There is a general procedure to operate a tactile coordinate measuring machine (tactile-CMM). In this post, we will discuss this general procedure that can be implemented to all types of tactile-CMM from various manufacturers.
Tactile CMM was invented due to the need to automate the verification of geometric tolerancing (GD&T). before the invention of tactile-CMM, the verification of GD&T requires a long time and complex setup. This complex procedure causes only a specially trained operator can perform GD&T verifications before the tactile-CMM was invented.
To correctly and efficiently operate a tactile-CMM, a certain knowledge should be learnt by any users. For example, the user should understand the concept of alignment and coordinate system. Only by understanding of these exampled concepts, the user can correctly perform geometrical and dimensional measurements by using any tactile-CMM.
Note that the procedure explained and discussed in this post is for tactile-CMM with computer-numerically controlled (CNC). That is, the tactile CMM can be run automatically.
(Note: All 3D illustrations were created by using a CATIA 3D modelling software)
Let us discuss the procedure!
Overview of the general procedure to operate a tactile-CMM
For tactile-CMM, points on the surface of a measured part are collected individually one-by-one, either by scanning or point-to-point detection.
It is a different case for optical CMM. For Optical-CMM, the points on the surface are obtained collectively to get a set of points (point clouds) in one acquisition cycle. The point clouds are then analyses to separate between good and bad (outlier) points.
Back to tactile-CMM, there exist a general procedure to operate tactile-CMM. Although, there might be slight differences due to specific procedures are added for each type of tactile-CMM according to its manufacturer or due to specific addition by a specific measurement laboratory.
Figure 1 below shows the schematic view of the general procedure to operate a tactile-CMM for dimensional and geometrical measurements.
In figure 1, the general procedure to operate a tactile CMM (equipped with CNC system) for dimensional and geometrical measurements are divided into three main processes as follows:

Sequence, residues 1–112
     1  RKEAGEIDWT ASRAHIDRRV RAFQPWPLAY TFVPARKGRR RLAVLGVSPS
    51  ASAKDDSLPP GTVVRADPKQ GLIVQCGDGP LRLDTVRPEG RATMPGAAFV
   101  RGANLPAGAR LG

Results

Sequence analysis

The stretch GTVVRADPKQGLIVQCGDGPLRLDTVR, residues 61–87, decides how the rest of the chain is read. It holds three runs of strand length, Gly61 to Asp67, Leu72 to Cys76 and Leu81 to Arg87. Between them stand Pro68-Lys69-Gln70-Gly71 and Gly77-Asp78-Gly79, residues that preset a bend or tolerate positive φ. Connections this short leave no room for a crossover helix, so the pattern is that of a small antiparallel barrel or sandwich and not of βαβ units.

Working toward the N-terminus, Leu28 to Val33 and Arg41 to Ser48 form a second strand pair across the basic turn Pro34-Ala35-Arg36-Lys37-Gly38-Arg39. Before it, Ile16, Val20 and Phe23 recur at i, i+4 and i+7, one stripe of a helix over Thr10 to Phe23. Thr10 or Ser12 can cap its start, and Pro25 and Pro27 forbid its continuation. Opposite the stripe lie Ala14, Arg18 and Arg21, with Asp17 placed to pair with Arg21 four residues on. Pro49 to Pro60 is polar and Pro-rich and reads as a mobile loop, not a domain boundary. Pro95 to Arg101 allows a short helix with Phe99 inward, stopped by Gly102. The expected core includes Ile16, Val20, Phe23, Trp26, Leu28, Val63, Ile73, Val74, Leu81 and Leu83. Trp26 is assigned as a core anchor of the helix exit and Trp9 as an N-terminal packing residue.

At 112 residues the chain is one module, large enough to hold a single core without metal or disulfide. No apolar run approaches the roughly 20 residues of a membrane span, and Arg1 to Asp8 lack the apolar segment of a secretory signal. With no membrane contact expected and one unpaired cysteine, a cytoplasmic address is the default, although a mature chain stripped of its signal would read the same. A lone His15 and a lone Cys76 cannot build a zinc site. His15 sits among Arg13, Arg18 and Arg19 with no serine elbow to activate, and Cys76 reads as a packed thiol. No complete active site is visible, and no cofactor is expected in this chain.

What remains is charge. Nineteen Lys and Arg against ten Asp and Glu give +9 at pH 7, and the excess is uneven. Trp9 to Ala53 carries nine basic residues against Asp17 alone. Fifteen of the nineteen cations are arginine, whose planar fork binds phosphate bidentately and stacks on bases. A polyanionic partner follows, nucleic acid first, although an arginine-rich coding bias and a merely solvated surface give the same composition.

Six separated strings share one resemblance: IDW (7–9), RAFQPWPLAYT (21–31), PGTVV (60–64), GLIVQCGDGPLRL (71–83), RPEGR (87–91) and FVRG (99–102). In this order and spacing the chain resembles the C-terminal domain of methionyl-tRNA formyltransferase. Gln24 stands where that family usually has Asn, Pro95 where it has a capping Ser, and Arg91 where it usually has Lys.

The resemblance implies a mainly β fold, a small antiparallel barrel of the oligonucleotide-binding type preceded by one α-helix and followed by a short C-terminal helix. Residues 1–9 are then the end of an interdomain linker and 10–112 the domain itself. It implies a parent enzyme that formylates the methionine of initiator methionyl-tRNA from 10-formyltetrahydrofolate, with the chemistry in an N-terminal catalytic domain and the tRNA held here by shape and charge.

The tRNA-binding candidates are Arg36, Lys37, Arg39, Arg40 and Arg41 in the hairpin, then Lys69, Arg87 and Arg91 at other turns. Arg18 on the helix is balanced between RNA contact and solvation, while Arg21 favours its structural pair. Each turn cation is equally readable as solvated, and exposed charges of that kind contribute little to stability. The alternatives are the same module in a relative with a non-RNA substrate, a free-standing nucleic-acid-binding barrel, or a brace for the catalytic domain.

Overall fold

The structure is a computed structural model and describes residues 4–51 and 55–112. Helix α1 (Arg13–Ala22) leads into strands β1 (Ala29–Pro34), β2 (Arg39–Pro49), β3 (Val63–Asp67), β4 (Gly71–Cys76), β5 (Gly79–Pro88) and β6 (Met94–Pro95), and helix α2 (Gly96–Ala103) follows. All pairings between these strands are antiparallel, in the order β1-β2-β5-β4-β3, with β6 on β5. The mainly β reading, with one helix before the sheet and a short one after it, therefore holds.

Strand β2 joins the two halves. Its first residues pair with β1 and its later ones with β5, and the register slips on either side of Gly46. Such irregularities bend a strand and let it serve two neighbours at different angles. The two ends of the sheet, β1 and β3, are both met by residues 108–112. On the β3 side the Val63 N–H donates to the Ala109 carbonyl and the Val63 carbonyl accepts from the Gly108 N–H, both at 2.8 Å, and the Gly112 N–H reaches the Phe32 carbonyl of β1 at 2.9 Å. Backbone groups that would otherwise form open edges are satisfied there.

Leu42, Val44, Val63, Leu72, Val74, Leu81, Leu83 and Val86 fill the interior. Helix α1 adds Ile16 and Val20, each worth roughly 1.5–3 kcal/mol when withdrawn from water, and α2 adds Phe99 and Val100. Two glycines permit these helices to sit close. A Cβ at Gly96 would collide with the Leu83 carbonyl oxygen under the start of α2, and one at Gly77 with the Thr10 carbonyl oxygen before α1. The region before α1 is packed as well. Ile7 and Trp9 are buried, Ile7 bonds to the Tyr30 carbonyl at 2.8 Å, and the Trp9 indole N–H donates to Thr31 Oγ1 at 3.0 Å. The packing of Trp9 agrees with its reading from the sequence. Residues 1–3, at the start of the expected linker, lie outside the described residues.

- Detection of points on the surface of measured parts according to a pre-determined measurement plan. This process is performed by a CMM, either automatically or manually by an operator.
- Mathematical association of detected points on the measured surface to a desired nominal geometry, for example, a plane, circle or sphere. That is, the process is called mathematical geometrical fitting process. This process is performed by a computer connected to the CMM.
Figure 2 below shows an example of point association or fitting process of points from a measured surface to a circle geometrical element. In figure 2, it can be observed that with the use of different fitting methods, the obtained circle parameters: radius and centre point location, are also different.
A correct fitting method should be used depending on the types of geometrical verification and the types of design functionality of a measured part.
3. Geometrical verification by calculating the dimension and geometry that are wanted to be verified from a measured part. The calculation results are compared to the 2D technical drawing of the part. After this step, the report of the measurement process can be made. This process is also performed by the computer connected to a tactile-CMM.
Measurement planning creations or preparations, geometrical fitting processes and geometrical verifications are performed by a special software that specifically connected and control a tactile-CMM used for measurement.
Examples of such software are Calypso for Zeiss CMM, Quindos for Leitz CMM and PC-Demis for DEA and other CMMs.
Specifically, for CMM operation, the operation can be divided into:
1. Measurement preparation